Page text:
Osteoarthritis of the base of the thumb or rhizarthrosis

doctor checking out someone's hand

Dr. Grégoire Chick

Hand surgery Genolier Clinic, Genolier

August 6, 2022

So what’s rhizarthrosis? It’s a type of arthritis that affects the thumb or rather a trapeziometacarpal joint of the hand. This condition also mainly affects women. It’s 20 times more likely for this to occur to elderly women. One of the main symptoms is constant pain at the base of your thumb, swellness, difficulty while using your thumb, and more. There are no specific treatments for osteoarthritis of the base of the thumb, however, there are surgeries that can be performed to help the issue. 

Want to learn more? Keep reading the article by Dr. Grégoire Chick.

Rhizarthrosis is a very common, often well-tolerated condition that affects 20% of women. It corresponds to chronic wear of the cartilage covering the trapezium and the first metacarpal at the base of the thumb.

The multiple clinical and radiological presentations of this degenerative condition illustrate the complexity of the trapeziometacarpal joint. It is a key joint in the thumb column, which allows the thumb to be oriented in opposition to the other fingers (pollici-digital pincer) for fine gripping movements. This joint is closed by a joint capsule whose reinforcements constitute the ligaments which ensure its stability with the neighbouring muscles. Rhizarthrosis is the prerogative of women aged between 50 and 60 years old, and is most often found on both sides of the joint, at different clinical and radiological stages. It is an essential osteoarthritis (unknown cause). Rarely, osteoarthritis is the consequence of a fracture, rheumatism or infection. Pain is most often the first symptom, either spontaneously or in certain everyday gestures using the pollici-digital forceps such as turning a key, peeling fruit or opening a jar. The lack of strength is revealed when picking up large objects. The evolution is by painful attacks, over a period of 7 to 10 years, leading to a progressive deformation of the thumb. The end result is a closure of the first commissure (space between thumb and index finger), with a deformation of the thumb column into an M shape (thumb adductus). The pain fades and is replaced by stiffness.

The assessment is based on specific radiographic incidences, which allow the clinical diagnosis to be confirmed, the extent of joint destruction to be assessed, a certain amount of bone volume to be preserved and a search for arthrosic damage to neighbouring joints (peri-trapezial arthrosis). Inflammatory flare-ups are either very painful and precipitate the need for treatment, or they are perfectly tolerated until the patient complains of difficulty in grasping large objects.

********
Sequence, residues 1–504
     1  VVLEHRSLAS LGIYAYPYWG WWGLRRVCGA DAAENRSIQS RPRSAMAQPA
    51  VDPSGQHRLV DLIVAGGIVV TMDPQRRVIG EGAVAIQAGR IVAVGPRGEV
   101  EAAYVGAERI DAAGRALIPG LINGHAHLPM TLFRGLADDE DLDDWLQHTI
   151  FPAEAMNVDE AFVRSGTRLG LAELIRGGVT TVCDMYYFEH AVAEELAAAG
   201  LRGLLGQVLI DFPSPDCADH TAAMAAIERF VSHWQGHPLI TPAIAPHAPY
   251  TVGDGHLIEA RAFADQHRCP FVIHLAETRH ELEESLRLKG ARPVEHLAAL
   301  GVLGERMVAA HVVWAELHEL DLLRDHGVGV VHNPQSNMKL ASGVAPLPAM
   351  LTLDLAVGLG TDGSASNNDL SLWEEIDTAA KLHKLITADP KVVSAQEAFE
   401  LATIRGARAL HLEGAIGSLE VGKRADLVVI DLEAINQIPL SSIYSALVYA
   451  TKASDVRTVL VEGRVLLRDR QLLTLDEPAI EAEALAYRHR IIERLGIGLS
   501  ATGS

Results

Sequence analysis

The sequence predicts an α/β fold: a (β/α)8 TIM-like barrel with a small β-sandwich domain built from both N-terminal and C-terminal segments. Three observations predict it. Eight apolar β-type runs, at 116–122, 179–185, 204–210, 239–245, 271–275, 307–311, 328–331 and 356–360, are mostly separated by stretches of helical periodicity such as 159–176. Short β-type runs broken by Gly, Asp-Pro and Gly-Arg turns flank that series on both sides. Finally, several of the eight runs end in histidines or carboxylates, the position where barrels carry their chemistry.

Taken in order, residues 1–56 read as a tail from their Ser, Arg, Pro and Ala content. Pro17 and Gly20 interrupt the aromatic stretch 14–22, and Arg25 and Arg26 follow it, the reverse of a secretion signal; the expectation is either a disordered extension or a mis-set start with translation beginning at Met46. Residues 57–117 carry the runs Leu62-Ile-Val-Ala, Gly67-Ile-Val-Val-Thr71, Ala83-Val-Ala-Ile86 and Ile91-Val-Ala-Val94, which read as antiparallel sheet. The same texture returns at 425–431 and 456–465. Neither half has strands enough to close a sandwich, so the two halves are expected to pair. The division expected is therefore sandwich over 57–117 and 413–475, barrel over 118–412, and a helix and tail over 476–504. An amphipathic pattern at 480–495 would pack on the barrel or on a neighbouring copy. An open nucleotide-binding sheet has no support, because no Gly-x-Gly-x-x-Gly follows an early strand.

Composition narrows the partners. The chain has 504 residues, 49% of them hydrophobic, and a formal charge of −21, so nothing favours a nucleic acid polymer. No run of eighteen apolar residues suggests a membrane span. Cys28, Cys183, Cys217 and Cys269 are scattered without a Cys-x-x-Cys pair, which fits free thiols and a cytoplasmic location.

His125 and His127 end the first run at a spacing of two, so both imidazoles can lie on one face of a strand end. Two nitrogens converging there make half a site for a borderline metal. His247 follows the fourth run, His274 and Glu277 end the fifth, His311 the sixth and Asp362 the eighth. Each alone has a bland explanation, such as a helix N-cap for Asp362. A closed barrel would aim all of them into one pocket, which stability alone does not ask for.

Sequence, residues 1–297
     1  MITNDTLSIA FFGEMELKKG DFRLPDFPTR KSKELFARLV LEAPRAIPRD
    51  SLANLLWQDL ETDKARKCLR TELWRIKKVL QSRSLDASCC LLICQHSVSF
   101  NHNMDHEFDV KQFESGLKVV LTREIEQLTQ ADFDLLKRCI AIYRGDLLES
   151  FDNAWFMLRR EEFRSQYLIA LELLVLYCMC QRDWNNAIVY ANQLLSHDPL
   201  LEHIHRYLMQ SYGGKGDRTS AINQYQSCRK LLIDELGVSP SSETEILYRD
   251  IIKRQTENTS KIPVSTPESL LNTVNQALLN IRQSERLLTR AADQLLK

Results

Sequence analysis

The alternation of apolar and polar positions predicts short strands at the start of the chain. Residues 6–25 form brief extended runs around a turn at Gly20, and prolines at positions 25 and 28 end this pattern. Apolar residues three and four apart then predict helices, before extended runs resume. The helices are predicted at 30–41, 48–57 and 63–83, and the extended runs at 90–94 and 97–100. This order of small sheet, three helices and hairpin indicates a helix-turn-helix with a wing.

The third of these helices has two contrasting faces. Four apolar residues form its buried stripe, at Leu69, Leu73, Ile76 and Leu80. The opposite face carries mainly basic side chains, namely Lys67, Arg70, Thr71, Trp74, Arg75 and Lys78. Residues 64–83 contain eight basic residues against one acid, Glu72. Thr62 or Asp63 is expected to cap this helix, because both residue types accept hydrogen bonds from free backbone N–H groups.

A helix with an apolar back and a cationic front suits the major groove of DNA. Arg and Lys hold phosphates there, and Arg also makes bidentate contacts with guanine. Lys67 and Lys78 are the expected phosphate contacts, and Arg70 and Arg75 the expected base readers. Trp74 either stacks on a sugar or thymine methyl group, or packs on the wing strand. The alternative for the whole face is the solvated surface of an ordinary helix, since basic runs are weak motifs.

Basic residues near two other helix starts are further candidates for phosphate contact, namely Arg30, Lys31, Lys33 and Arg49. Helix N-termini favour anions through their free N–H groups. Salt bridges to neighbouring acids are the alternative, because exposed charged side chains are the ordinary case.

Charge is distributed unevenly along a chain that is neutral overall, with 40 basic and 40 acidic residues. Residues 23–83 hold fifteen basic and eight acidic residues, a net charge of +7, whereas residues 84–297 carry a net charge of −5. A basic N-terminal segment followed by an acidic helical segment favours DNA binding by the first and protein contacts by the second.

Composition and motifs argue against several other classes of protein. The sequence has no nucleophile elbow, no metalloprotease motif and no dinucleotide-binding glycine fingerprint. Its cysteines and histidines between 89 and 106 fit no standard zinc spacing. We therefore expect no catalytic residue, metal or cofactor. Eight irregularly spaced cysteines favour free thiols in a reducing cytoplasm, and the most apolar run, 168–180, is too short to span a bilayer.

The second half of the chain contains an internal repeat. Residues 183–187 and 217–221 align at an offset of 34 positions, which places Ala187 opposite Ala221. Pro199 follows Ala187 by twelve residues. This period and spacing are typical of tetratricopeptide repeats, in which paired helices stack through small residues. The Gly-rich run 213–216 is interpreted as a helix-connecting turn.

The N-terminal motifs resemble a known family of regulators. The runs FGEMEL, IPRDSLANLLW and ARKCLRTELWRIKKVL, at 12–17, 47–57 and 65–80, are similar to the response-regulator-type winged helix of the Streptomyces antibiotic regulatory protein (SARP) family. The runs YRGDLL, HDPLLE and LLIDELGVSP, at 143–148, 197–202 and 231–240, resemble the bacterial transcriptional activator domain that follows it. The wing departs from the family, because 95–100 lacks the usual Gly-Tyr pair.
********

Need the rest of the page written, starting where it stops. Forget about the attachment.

INITIALLY, THE TREATMENT IS ALWAYS MEDICAL FULFILLING 2 OBJECTIVES:

To reduce pain and preserve joint range. It combines rest, anti-inflammatory medication, analgesic physiotherapy and a custom-made thermoformed splint that keeps the thumb in a spread position when worn at night. This allows normal use of the thumb during the day, if necessary facilitated by a functional soft orthosis. Corticosteroid infiltration may help to overcome the hyperalgesic inflammatory period. Repeated use of corticosteroids may alter the capsulo-ligamentary system, which will complicate a possible surgical procedure.

When medical treatment of sufficient duration (6 months to 1 year) becomes insufficient to relieve pain (10% of patients), or when closure of the first commissure or deformation of the thumb column occurs, surgical treatment can be considered. It aims to resolve a triple demand: indolence, mobility and strength.

In the early stages of osteoarthritis, the joint can be preserved either by stabilising it (ligamentoplasty), reorienting the joint surfaces (osteotomy), or removing the nerves to the joint (denervation). At the stage of more advanced osteoarthritis, 2 main types of intervention are proposed. The choice will depend on age, professional activity (hard work), the extent of joint destruction, the size of the trapezium, the damage to neighbouring joints and the surgeon’s habits.

● Trapeziectomy consists of removing the diseased bone (trapezium). To stabilise the thumb and maintain the height of the thumb column, a neighbouring tendon is interposed (ligamentoplasty).

● The trapezium-metacarpal prosthesis resembles a mini hip prosthesis, with a spherical metal head that articulates in a polyethylene or metal trapezium cup. The fixation of the prosthetic parts in the bone uses either bone regeneration (unsealed prostheses) or cement (sealed prostheses).

The results of these two types of operation are good in terms of pain and mobility. Strength is often reduced in trapezectomies and the thumb column is often shortened with a long period of indolence (6 months). Prostheses require a limitation of force activity to avoid mechanical complications. With recent models, the life span of the implants is 12 to 15 years. This does not cut off the bridges to a trapezectomy in case of failure.

The trapezium-metacarpal arthrodesis (definitive blocking of the joint) must remain an occasional indication given the difficulties of adjustment, the long immobilisation (2 to 3 months) with a bone fusion difficult to obtain.

Even if the surgical treatment of rhizarthrosis is controversial in the literature, the results prove that surgery is effective for the main symptoms with complications that remain rare. It is necessary to bear in mind that the results are less good if surgery is proposed too late. The management of rheumatoid arthritis requires optimal coordination between the various players (general practitioners, internists, rheumatologists, physiotherapists, occupational therapists and hand surgeons).

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